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Anthropomorphic Engineers

zikotter posting in Anthropomorphic Engineers
User: zikotter
Date: 2012-10-02 23:44
Subject: Hiya! MechE here.
Security: Public
I'm a senior+ Mechanical Engineering undergrad at New Mexico Institute of Mining and Technology. I'll be out of here with a BS in December. I'd like to head to grad school specializing in mechatronics somewhere else around the country (or the globe?) and am also looking for work in the field. (The job market's awful, but you never know when you might get lucky, right?) If anyone has any advice or wants to say hi then please do :3
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mejeep deMeep ferret posting in Anthropomorphic Engineers
User: mejeep
Date: 2012-06-12 02:46
Subject: ever more for EEs to learn
Security: Public
I've always been fascinated by non-traditional computer architectures.
This is the first I've heard of "flow processors":
HUNDREDS of elements on one chip for packet processing

one mfgr: http://www.netronome.com/

and an amusing Intel video with a shrink ray to demonstrate their new transistor:
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Kuri posting in Anthropomorphic Engineers
User: kuri_ree
Date: 2011-02-03 23:58
Subject: I'm a square peg in a round hole...
Security: Public
Hi guys! I'm... well, this may be kind of awkward.

I'm actually a Communication Arts student. Nope, not Electronic Communication Engineering. Just plain Communication Arts. It's somewhat like Mass Communication. The artsy fartsy people.

I admit that engineering has never been my forte. My weakest subjects are... well, Math and Science. Sigh. But I still find engineering quite fascinating. There are things I do as a Comm Arts student that require engineering skills, such as photography. No joke.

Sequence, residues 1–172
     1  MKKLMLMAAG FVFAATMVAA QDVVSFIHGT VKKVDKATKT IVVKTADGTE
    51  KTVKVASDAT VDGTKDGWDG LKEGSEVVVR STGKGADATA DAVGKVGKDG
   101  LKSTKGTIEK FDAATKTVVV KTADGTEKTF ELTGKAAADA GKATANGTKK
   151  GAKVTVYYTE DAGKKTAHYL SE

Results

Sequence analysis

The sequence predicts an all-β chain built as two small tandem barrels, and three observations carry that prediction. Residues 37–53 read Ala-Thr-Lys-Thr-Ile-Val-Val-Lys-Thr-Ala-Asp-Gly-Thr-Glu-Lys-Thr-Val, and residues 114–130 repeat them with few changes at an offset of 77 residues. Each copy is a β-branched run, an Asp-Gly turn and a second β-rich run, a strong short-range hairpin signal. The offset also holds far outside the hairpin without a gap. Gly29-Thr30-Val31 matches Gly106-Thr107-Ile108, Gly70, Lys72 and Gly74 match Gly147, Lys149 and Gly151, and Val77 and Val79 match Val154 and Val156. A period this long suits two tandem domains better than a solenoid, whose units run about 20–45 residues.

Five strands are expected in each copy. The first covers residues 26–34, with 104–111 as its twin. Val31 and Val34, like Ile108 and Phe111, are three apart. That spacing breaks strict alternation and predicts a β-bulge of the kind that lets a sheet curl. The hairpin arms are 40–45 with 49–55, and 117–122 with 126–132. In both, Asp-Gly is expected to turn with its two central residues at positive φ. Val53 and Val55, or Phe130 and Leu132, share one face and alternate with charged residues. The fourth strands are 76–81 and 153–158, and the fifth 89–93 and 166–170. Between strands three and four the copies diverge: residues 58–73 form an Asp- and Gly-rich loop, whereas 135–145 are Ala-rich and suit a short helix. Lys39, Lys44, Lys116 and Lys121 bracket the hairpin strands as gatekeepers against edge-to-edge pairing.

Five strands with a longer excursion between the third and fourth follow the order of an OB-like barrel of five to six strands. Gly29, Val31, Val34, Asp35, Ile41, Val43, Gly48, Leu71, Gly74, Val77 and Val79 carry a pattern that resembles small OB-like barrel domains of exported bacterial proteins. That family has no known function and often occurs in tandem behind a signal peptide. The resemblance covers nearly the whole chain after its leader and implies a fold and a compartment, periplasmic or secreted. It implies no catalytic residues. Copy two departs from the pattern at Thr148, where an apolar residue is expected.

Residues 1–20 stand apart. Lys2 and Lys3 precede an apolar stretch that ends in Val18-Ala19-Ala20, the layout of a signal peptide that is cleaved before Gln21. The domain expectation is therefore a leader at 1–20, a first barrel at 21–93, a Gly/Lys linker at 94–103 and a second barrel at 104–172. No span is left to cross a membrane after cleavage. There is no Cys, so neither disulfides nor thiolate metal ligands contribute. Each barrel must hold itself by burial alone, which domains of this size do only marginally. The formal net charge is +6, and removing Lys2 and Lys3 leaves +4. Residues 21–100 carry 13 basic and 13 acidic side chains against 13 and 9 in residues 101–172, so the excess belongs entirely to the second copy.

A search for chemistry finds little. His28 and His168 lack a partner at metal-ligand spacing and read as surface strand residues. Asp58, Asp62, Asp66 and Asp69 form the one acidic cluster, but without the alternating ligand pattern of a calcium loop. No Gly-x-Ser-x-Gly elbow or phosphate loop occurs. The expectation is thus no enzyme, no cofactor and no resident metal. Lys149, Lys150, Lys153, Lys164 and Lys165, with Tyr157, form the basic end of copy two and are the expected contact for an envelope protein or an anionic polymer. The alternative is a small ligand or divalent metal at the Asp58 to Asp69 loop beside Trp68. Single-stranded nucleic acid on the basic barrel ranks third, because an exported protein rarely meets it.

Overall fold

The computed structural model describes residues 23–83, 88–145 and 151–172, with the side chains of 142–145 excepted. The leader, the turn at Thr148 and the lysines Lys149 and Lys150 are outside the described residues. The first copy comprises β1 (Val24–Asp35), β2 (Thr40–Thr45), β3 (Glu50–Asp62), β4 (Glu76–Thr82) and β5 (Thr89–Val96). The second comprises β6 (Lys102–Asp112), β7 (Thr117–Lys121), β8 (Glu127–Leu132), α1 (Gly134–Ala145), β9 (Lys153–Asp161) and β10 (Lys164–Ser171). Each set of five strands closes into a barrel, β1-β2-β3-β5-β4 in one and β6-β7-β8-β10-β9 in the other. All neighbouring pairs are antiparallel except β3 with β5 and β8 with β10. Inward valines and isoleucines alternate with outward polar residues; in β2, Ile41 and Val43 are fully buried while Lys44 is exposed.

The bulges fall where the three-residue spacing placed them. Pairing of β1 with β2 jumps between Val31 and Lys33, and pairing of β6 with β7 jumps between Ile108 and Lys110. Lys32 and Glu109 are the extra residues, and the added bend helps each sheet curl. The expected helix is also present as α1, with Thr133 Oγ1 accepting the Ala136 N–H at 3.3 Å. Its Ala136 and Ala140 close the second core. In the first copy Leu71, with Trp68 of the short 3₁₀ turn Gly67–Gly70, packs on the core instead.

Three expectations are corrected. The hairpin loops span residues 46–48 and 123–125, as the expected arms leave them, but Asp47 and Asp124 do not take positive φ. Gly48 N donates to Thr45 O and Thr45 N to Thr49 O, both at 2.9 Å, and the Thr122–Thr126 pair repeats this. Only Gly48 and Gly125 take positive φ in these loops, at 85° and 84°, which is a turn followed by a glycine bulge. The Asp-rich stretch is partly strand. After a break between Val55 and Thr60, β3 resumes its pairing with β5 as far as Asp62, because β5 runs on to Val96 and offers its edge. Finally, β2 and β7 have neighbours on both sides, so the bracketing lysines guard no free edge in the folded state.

Anyway, that's not why I'm here. My boyfriend is currently a mechanical engineer in the making. As of the moment, he's brainstorming for his thesis. He and his thesis mates had around 8 ideas, and all of them got rejected.

Would you guys recommend any possible thesis topics? It would be of great help. Thank you very much!
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Pyesetz the Dog posting in Anthropomorphic Engineers
User: pyesetz
Date: 2010-12-02 21:51
Subject: From the mouth of Linus Torvalds
Security: Public
Now, I do understand that everybody idolizes us software people.  Yes, we really are better, smarter, and more good-looking than hardware engineers.  Life is not fair, and the adoration of the masses can be unbearable at times.  When I go to the mall, I'm covered in womens underwear in minutes—it's just embarrassing.
Now, look down at your keyboard, and look back at me.  Look down.  Look back.  You may never be as beautiful and smart as a software engineer, but with Old Spice, you can at least smell like one.

Hardware and software should work together.  And that does not mean that hardware should just lay there like a dead fish, while software does all the work.  It should be actively participating in the action, getting all excited about its own body and about its own capabilities.